You Cost Too Much. Really? Differentiate or Die.

You Cost Too Much. Really? Differentiate or Die.

When working with clients, depending on who you are talking to and at what level, you can see them turn pale when you tell them your rate.

The story will go like this

Sound familiar? Sounds like a little bit of Dilbert here. Clients at the lower levels of the organization want to know your hourly rate. They also want to know how you will do it. They will dig and dig to find out the hourly rate in an attempt to save money.
However, clients who are at the upper deck of the food chain want to know that you can solve the problem and how soon. This is how that conversation goes:
Now, life doesn’t always go according to plan. And these conversations don’t always go like this. But the people in the upper decks of the client’s organization are more concerned with a few things:

1. Can you get the results?
2. How soon?
3. When can you start?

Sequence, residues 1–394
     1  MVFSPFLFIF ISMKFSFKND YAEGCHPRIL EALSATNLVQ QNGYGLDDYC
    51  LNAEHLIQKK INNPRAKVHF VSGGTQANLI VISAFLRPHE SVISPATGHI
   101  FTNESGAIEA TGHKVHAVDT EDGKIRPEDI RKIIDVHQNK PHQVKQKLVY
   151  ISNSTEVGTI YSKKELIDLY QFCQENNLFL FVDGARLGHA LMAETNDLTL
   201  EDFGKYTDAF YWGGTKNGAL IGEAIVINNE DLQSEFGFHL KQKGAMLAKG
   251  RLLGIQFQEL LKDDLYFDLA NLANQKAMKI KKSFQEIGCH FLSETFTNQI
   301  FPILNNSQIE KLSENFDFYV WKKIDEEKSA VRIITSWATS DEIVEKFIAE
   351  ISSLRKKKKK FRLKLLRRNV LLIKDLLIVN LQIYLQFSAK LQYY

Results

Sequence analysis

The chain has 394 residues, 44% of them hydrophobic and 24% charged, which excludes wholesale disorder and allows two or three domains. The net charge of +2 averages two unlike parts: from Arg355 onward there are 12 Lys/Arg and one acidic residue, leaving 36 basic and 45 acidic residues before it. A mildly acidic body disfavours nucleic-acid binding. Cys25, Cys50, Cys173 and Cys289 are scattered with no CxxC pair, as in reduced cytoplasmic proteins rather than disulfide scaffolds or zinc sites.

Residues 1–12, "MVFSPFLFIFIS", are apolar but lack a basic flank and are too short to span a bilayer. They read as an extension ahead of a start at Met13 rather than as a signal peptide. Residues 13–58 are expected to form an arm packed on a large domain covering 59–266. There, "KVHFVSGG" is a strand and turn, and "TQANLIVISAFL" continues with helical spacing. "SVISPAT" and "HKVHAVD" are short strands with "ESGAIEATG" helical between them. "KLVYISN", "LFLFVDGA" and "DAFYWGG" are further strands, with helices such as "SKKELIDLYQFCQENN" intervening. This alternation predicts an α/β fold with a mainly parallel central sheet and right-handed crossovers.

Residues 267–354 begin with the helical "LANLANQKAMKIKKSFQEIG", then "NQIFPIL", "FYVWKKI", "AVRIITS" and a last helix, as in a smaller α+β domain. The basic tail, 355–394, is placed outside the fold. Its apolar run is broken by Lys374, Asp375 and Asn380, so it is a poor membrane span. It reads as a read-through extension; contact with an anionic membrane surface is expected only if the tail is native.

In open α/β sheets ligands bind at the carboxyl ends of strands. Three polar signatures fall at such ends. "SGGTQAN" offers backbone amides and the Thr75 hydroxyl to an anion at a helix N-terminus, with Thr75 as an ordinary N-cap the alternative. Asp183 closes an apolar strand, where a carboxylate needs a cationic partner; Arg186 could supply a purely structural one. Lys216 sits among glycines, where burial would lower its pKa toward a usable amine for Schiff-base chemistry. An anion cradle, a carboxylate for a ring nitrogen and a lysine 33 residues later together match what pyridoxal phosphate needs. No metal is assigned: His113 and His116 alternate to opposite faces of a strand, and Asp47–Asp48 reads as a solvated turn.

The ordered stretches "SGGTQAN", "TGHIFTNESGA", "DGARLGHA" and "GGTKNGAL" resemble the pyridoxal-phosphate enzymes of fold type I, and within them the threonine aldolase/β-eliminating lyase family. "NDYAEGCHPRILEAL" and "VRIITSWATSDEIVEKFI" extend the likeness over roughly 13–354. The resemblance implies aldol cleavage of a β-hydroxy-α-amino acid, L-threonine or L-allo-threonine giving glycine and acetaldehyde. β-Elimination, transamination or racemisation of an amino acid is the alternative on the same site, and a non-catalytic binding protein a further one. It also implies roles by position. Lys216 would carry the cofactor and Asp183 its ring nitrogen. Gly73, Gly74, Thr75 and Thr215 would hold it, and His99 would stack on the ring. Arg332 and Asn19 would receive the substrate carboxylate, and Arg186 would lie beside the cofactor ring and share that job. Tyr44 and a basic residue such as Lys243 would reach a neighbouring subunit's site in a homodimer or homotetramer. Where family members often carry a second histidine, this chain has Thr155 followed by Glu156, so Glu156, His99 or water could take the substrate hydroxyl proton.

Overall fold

Often, in these cases price is hardly part of the decision equation. It’s about the result: can you get it done and how soon.
In the lower decks of the organization the things that matter most are these concerns:

1. What is your hourly rate?
2. What if my colleagues think I should be able to do this and can’t?
3. Is there anyone else who is cheaper?
4. Should I get two or three more companies in here for quotes just to be safe?
5. Do you have references and can I talk to them?
6. Have you worked in the same environment with the same technologies in the same vertical industry?

One group of people is concerned with results. The other group is concerned with lower level needs: security/self-esteem, failure, and looking bad.

It pays to deal with people higher up in the food chain.